1. Credulous Skeptic
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    Credulous Skeptic Member

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    Thousands of old books online for all. Who is compensated?

    Discussion in 'The Lounge' started by Credulous Skeptic, May 9, 2009.

    Hello,

    My favorite Web site is Google Books. I enjoy visiting it because while I'm there I can read thousands of old books, free of charge. I have known about and used this godsend of cyberspace for several months. But as the days and weeks have quickly passed, with me continually reading books, bound periodicals, published lectures, and even scanned reproductions of 400-year-old books, my conscience has slowly started to trouble me. Then one day, I felt genuinely disturbed. Surely, I thought, only a few free books are online. But no! To get an idea of how many free books I could find, I found a list of 5000 good books, and looked up a half a dozen or so that I had never heard of. I found most of them. I found a catalog of very old, very rare books. Books William Caxton printed himself. My friends, I found reproduction after reproduction of some of the rarest books in the world, and I could read them, gratis!Shouldn't the owners of these treasured resources receive some sort of compensation for allowing us to read them?
     
  2. Acglaphotis
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    Acglaphotis Contributing Member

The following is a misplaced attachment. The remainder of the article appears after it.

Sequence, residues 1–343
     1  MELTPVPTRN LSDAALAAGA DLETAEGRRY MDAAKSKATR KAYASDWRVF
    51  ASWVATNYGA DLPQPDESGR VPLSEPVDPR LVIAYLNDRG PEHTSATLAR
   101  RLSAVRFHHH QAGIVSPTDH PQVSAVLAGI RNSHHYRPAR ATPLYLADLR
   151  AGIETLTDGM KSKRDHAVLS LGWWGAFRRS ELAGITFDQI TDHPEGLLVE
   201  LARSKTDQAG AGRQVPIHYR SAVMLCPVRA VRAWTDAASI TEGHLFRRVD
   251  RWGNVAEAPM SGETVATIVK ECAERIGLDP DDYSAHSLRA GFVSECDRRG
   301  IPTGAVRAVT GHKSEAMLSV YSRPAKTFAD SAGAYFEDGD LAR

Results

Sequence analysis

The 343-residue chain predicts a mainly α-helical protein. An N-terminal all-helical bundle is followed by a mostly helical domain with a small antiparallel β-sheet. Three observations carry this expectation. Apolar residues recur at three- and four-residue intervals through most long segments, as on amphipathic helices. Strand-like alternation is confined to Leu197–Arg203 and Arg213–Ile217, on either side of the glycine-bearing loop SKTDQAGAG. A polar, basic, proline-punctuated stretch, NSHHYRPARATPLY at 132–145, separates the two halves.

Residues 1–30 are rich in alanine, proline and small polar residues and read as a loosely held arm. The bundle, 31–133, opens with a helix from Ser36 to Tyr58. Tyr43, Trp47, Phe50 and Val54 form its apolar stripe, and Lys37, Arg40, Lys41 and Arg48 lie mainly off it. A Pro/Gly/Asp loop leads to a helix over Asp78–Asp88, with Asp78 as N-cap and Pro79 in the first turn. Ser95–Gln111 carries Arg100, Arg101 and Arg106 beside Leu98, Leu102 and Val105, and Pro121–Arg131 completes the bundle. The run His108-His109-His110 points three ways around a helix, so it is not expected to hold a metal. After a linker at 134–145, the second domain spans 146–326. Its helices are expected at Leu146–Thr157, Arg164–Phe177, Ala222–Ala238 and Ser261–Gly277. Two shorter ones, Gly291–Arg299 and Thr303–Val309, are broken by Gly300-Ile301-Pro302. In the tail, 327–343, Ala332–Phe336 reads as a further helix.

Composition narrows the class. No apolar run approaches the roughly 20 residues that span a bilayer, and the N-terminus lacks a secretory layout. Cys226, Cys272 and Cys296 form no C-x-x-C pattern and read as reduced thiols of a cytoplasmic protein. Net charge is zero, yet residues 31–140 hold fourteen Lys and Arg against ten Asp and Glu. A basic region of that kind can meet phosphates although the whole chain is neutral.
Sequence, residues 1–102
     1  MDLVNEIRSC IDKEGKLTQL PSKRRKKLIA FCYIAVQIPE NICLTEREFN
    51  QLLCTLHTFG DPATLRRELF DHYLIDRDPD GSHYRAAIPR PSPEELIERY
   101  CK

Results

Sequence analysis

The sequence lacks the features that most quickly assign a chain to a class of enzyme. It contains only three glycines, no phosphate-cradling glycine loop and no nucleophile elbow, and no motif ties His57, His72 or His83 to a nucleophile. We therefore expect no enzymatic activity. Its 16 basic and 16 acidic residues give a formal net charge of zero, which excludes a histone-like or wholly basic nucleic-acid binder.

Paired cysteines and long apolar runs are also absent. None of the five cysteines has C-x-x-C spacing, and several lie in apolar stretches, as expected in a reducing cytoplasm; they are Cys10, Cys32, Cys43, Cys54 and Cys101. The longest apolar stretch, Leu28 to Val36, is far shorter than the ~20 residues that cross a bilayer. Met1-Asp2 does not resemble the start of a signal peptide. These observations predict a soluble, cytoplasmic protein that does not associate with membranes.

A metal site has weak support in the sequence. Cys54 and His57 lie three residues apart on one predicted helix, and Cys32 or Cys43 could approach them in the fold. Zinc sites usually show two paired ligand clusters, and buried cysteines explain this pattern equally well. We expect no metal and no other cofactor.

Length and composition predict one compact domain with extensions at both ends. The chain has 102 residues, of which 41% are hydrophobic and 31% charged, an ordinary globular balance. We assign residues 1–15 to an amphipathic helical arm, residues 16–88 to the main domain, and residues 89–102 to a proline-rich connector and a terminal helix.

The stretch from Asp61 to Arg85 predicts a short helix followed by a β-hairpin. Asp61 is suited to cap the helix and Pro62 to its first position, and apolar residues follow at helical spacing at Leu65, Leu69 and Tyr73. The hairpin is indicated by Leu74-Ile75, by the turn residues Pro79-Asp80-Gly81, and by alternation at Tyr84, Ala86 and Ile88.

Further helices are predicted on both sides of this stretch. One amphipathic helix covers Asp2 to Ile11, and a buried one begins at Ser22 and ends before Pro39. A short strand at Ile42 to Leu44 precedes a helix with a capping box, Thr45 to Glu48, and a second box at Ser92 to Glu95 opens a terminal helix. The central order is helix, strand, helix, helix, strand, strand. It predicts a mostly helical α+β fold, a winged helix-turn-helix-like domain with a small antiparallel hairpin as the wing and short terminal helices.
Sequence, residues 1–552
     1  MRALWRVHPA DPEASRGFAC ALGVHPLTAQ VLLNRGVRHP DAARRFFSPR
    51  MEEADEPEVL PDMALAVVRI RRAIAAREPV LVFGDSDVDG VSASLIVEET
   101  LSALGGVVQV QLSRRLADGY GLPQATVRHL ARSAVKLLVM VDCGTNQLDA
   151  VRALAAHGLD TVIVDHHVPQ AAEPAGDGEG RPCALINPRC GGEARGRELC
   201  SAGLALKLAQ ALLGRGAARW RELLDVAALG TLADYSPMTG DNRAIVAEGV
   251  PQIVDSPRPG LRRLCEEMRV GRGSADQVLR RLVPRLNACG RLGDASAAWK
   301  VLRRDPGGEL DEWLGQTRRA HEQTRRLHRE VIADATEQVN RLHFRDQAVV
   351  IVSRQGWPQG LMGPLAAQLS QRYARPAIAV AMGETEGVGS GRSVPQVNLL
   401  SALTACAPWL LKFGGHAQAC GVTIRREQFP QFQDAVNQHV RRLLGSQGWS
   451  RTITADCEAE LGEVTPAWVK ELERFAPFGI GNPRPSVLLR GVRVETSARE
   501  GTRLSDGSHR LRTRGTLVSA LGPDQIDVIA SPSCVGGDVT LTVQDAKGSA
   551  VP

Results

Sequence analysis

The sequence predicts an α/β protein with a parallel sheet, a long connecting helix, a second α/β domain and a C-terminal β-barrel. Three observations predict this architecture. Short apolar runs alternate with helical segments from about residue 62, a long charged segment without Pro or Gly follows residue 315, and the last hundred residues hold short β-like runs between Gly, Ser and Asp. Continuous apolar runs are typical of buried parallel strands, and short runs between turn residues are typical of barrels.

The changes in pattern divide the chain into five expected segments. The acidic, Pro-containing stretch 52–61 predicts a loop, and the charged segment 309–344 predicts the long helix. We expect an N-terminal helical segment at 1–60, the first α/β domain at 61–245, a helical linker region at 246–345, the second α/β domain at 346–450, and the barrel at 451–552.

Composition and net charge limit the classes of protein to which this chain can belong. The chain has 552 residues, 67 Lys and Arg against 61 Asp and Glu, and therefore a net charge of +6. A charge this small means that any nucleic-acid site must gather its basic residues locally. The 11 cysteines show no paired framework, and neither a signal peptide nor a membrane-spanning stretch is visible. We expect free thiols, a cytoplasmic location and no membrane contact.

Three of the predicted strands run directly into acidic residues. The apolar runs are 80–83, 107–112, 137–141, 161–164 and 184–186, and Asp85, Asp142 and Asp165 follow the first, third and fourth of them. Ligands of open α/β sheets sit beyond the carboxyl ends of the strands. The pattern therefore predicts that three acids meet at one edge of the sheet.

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    From PCworld via wikipedia. No one needs to be paid for 400 year old books. The authors are dead.
     
  3. Xeno
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    Xeno Mad and Bitey Contributor

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    Plus, I'm sure that usage rights expire after 100 years, so they don't legally have to pay to use them, as long as it's not for profit.
     
  4. Rei
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    Rei Contributing Member Contributor

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    Usage right do expire, even less than 100 years unless it's extended, I think. The people who wrote them are dead, as are their That's why nobody needs permission to put on a production Romeo and Juliet or whatever. Nobody owns the rights to them anymore.
     
  5. ManicParroT
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    ManicParroT Contributing Member

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    Whaaaaat?

    Why should they get money for letting the rest of the world read copies of these books?

    It's not as if they wrote the books and expect to be compensated for their labour. All they did was buy them. It's not as if the books are being taken from them, either - they still have the original copies.